AbleismRepresentation

Cripples, Bastards, and Broken Things: Disability in Game of Thrones

[Warning! This post contains spoilers from Game of Thrones, season 4.]

 

So, much like everyone else in the world, I’m obsessed with Game of Thrones. I’ve read all the books, I’ve read all of the conspiracy theories (and I believe at least half of them), and I watch the show every week. I love Game of Thrones, and I’m assuming you do too.

One thing about Game of Thrones that I don’t think gets talked about enough is the representation of disabilities in Westeros. There’s so much that I think goes unnoticed by able-bodied people (or if it not unnoticed, at least not thought about critically). I’m going to operate on a broad definition of “disability” in this post, because there are some things in Westeros that wouldn’t be considered disabilities in our world, but they are considered disabilities in a world where there are no cars or electricity or modern medicine.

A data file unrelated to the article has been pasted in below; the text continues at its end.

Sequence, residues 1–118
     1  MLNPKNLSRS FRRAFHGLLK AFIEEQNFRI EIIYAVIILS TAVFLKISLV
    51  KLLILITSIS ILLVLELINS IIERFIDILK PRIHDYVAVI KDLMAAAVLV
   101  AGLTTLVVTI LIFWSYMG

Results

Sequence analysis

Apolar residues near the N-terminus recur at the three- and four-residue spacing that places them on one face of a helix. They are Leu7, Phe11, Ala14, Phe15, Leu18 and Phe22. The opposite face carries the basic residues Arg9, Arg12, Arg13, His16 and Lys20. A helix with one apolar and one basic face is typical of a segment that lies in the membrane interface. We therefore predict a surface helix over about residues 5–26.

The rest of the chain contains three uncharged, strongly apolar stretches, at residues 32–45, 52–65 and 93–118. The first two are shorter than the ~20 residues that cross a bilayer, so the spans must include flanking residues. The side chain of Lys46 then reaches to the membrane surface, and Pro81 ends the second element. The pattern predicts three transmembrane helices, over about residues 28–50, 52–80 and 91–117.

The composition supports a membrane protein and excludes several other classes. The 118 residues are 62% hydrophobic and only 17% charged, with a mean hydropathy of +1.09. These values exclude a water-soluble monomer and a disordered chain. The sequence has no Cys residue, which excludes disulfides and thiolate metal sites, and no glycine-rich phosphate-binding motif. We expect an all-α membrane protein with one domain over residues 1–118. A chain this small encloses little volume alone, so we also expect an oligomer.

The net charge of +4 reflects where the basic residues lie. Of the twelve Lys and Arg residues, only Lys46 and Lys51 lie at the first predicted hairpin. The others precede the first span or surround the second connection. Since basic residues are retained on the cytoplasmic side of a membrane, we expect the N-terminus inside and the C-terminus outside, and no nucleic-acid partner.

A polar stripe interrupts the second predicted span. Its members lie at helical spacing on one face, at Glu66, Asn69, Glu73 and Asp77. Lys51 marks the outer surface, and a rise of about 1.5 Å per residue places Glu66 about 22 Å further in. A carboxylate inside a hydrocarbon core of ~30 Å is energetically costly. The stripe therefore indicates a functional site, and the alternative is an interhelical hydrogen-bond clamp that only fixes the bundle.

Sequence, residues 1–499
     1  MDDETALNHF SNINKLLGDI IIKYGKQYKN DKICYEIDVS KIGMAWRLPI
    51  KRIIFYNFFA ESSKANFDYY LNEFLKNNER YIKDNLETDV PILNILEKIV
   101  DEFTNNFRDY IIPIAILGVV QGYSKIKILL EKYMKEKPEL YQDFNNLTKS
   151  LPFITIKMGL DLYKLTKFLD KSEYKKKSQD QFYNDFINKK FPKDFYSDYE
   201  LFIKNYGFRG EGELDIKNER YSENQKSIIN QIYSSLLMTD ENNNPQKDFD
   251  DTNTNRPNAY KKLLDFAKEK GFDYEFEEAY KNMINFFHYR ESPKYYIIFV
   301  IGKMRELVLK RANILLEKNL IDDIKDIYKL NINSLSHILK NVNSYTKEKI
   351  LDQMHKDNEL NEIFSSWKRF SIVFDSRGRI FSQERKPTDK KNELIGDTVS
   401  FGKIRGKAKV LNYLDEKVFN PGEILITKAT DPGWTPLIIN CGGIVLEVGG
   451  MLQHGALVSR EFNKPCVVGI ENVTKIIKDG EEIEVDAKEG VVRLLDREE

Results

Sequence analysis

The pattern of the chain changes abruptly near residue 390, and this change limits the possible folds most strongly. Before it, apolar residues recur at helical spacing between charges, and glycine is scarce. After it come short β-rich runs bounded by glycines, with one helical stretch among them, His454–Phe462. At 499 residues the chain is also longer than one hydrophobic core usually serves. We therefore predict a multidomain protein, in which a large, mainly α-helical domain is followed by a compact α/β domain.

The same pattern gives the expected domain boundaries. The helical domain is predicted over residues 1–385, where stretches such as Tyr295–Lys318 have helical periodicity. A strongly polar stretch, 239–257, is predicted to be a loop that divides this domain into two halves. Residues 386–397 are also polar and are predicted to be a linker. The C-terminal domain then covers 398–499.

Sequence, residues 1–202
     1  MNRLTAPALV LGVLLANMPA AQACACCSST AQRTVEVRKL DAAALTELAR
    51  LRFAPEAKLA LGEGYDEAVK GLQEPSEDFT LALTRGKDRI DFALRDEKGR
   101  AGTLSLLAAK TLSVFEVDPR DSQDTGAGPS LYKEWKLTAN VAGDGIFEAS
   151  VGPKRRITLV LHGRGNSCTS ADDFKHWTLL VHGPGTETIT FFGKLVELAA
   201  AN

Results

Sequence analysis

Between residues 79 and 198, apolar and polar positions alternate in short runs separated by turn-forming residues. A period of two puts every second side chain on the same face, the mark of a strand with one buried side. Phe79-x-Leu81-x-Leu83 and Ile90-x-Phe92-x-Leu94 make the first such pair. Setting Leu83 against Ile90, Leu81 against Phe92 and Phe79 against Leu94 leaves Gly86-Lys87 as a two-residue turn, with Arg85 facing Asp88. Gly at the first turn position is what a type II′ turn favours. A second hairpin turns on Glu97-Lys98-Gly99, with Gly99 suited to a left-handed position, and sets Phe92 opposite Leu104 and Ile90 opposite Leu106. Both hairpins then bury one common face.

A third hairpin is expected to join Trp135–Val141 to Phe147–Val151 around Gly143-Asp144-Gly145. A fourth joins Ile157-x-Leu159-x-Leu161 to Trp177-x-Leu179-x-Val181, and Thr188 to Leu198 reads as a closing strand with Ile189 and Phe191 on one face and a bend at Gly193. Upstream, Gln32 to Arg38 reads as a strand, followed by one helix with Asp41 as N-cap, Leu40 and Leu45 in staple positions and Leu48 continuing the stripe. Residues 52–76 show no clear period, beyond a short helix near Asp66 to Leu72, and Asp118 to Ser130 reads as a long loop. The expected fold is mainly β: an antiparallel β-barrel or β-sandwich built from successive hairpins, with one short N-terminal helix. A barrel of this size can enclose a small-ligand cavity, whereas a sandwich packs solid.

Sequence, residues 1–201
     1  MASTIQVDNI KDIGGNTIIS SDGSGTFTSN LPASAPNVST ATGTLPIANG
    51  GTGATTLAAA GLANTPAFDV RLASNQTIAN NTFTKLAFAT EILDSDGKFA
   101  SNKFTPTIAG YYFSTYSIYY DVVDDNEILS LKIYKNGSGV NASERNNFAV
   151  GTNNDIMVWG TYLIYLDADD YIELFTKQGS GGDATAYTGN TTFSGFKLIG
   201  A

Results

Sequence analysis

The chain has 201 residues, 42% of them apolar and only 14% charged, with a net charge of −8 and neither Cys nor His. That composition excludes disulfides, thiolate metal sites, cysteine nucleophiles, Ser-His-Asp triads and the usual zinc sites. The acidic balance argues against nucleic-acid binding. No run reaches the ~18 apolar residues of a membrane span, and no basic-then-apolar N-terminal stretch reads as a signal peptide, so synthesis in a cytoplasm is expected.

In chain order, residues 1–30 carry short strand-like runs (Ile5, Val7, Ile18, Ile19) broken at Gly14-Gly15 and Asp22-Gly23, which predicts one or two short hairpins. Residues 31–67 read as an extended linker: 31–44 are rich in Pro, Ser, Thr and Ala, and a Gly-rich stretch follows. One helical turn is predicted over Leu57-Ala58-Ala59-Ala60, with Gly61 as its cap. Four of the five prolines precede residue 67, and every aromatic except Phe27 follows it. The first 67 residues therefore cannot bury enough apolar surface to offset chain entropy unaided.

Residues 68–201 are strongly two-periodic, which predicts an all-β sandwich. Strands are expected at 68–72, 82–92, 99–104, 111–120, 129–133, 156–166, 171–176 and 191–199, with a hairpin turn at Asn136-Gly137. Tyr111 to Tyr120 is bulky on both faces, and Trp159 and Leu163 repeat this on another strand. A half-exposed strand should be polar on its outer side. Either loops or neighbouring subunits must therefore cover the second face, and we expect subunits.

Kerry Ingram as Shireen BaratheonFor example, there’s Shireen, the daughter of Stannis Baratheon, who has a disease called Greyscale that has left her permanently disfigured. (Since the book reports that people have died from Greyscale, I consider it a chronic illness/disability.) On several occasions, people use this to insult her or her father, completely ignoring the fact that she’s a child who has done nothing to deserve this level of torment. The Lannisters respond to Stannis’ (truthful) claims that Cersei’s children are the product of incest by suggesting that Shireen’s true father is Patchface, the court jester/fool. Other people suggest that she’s “unclean” and should be killed (or would have been killed, had she not been born to royalty). Yet Shireen is a bad-ass little girl! She spends months teaching Davos how to read (the show makes it appear to happen in a very short amount of time, which I get, because showing someone learning how to read can get boring pretty fast). She stands up to Melisandre and is, according to the guys on the Boars, Gore, and Swords podcast, “a tiny skeptic, a tiny Rebecca Watson” (in the 4×02 podcast). Shireen is great, and I’m glad the show has included (and expanded!) her storyline, rather than cutting her out entirely, like many other characters have been.